Patrick Standen, left, and David Leach demonstrate the adaptive skiing equipment which will be used in the upcoming Empire State Games by adaptive athletes.
Photo by Shawn Ryan.
continued “The payback is enjoying the outdoors, and being with some really great people,” said Leach. When you get disabled, you can get down and out. This brings you back up.”
Leach lost his lower leg in a motorcycle accident. As he skis around the Nordic Sports Complex at Mount Van Hovenburg, you only know he’s an adaptive athlete when he pulls up his right pant leg to show his specially made prosthetic.
The Empire State Games has embraced adaptive athletes, with competitions running in conjunction with the upcoming games. The US Paralympics National Nordic/Biathlon Ski Team will also be running a Paralympic Development Ski Camp at the Olympic Training Center and the Olympic Sports Complex. Athletes will stay in the Olympic Training Center and will train and compete at Sport Complex venues.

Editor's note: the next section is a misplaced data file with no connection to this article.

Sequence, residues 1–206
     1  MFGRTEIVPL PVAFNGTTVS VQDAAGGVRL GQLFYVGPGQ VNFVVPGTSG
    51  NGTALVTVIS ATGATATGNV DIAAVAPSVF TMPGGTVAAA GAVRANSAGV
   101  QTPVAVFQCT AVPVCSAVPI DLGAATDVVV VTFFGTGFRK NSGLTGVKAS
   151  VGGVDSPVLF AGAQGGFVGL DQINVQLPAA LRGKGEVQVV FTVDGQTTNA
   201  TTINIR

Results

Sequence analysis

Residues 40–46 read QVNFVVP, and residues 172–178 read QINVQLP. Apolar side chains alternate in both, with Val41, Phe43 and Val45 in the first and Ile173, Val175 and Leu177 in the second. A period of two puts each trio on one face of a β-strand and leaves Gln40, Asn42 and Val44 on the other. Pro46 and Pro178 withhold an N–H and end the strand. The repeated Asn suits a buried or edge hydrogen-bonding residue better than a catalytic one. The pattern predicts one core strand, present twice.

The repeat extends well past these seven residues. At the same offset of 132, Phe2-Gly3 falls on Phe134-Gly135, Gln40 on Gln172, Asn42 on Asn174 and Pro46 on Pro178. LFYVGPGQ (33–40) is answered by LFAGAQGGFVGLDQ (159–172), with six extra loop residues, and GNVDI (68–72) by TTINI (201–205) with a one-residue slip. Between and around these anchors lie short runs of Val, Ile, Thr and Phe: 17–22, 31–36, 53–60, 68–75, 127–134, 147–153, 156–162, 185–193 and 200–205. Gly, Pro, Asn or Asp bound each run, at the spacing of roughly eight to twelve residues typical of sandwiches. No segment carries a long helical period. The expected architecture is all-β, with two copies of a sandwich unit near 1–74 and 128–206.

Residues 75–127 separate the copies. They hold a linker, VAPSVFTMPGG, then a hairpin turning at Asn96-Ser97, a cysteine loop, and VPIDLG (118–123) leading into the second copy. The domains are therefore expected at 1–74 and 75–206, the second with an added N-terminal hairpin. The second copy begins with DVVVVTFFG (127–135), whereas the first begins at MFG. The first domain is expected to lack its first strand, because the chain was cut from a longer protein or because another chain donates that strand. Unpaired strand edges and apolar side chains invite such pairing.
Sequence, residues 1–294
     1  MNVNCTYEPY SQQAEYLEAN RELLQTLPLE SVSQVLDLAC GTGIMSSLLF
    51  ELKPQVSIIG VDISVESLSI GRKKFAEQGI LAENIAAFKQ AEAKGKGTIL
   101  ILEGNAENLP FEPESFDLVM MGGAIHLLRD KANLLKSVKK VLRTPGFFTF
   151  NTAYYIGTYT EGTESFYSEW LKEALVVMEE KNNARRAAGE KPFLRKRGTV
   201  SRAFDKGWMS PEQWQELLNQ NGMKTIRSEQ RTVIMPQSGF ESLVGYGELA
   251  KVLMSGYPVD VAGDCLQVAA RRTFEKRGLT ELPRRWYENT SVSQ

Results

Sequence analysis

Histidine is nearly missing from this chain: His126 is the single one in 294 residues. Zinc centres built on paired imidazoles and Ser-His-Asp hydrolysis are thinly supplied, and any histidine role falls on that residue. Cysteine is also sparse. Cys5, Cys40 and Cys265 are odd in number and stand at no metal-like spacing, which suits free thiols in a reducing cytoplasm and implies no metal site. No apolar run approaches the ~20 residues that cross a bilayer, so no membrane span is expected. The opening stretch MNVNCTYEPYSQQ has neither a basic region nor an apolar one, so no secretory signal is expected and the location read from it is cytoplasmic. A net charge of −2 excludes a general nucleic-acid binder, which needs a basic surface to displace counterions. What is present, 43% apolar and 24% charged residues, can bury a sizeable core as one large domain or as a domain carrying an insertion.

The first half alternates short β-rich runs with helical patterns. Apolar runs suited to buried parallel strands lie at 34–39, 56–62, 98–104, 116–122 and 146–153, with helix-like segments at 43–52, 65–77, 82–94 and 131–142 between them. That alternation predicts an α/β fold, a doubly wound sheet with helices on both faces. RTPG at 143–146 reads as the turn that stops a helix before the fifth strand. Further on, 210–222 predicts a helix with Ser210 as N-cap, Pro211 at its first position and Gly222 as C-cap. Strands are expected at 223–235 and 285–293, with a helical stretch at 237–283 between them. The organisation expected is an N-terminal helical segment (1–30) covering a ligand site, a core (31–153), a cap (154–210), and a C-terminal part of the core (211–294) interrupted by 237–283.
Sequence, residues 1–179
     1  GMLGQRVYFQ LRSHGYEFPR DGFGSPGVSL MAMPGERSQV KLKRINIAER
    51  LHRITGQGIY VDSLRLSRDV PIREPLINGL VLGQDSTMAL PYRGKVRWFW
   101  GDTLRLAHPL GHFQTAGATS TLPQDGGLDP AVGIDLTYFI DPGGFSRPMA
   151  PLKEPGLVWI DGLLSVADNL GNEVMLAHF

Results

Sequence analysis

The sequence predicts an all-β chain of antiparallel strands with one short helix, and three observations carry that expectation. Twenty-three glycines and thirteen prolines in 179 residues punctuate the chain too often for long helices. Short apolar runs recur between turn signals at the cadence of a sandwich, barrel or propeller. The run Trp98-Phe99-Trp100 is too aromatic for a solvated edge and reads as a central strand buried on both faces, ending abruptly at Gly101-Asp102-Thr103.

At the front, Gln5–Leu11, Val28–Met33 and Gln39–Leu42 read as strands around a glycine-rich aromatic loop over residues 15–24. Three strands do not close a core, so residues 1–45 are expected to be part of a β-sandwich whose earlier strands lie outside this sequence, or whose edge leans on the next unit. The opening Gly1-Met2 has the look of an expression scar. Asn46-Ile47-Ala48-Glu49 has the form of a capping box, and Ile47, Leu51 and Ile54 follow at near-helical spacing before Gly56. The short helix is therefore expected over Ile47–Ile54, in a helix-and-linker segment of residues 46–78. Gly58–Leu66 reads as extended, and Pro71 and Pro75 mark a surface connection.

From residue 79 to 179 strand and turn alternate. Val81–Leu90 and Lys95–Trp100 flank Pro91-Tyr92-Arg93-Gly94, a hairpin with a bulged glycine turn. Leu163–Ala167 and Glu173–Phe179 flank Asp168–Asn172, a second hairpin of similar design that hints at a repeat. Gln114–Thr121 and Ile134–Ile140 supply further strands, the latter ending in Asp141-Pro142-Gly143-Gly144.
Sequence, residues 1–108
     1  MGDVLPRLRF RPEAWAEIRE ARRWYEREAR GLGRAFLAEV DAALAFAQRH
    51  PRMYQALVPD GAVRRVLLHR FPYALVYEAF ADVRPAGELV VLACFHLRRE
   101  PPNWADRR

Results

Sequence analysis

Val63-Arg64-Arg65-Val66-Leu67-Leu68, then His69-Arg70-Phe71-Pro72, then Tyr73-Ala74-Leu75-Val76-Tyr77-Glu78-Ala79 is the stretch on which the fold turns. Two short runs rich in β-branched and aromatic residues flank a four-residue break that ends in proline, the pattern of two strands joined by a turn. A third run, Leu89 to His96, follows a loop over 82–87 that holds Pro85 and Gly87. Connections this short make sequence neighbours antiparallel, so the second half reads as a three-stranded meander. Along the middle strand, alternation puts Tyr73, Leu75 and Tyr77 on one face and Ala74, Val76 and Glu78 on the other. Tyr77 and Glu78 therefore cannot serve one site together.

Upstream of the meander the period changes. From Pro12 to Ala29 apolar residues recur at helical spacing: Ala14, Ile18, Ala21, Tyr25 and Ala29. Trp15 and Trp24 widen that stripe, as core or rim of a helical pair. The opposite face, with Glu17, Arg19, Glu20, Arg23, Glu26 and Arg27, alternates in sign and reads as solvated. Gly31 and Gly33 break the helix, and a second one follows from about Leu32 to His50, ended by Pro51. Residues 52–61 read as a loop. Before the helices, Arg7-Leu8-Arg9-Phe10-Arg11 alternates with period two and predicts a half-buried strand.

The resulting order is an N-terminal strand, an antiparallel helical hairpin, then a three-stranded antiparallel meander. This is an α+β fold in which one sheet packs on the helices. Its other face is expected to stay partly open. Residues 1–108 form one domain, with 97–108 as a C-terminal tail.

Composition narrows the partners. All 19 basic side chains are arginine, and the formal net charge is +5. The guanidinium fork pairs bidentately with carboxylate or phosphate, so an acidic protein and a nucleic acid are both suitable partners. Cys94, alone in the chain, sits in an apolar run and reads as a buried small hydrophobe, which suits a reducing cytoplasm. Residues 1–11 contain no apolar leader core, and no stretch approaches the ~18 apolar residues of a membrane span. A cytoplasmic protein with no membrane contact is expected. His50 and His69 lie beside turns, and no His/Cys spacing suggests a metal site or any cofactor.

According to Jeff Erenstone, who operates Mountain Orthotics and Prosthetics in Lake Placid and Plattsburgh, some of the adaptive equipment can take months to build, and can cost between $2,000 and $5,000. There are some production sit-ski chairs available, but the higher level athletes prefer to have one custom made.
Erenstone produces adaptive equipment for various athletes in both summer and winter sports and activities.
The Empire State Games will run from Feb. 6 – 9, at the Olympic Sports Venues in Lake Placid. A full schedule of events and venues can be found at empirestatewintergames.com/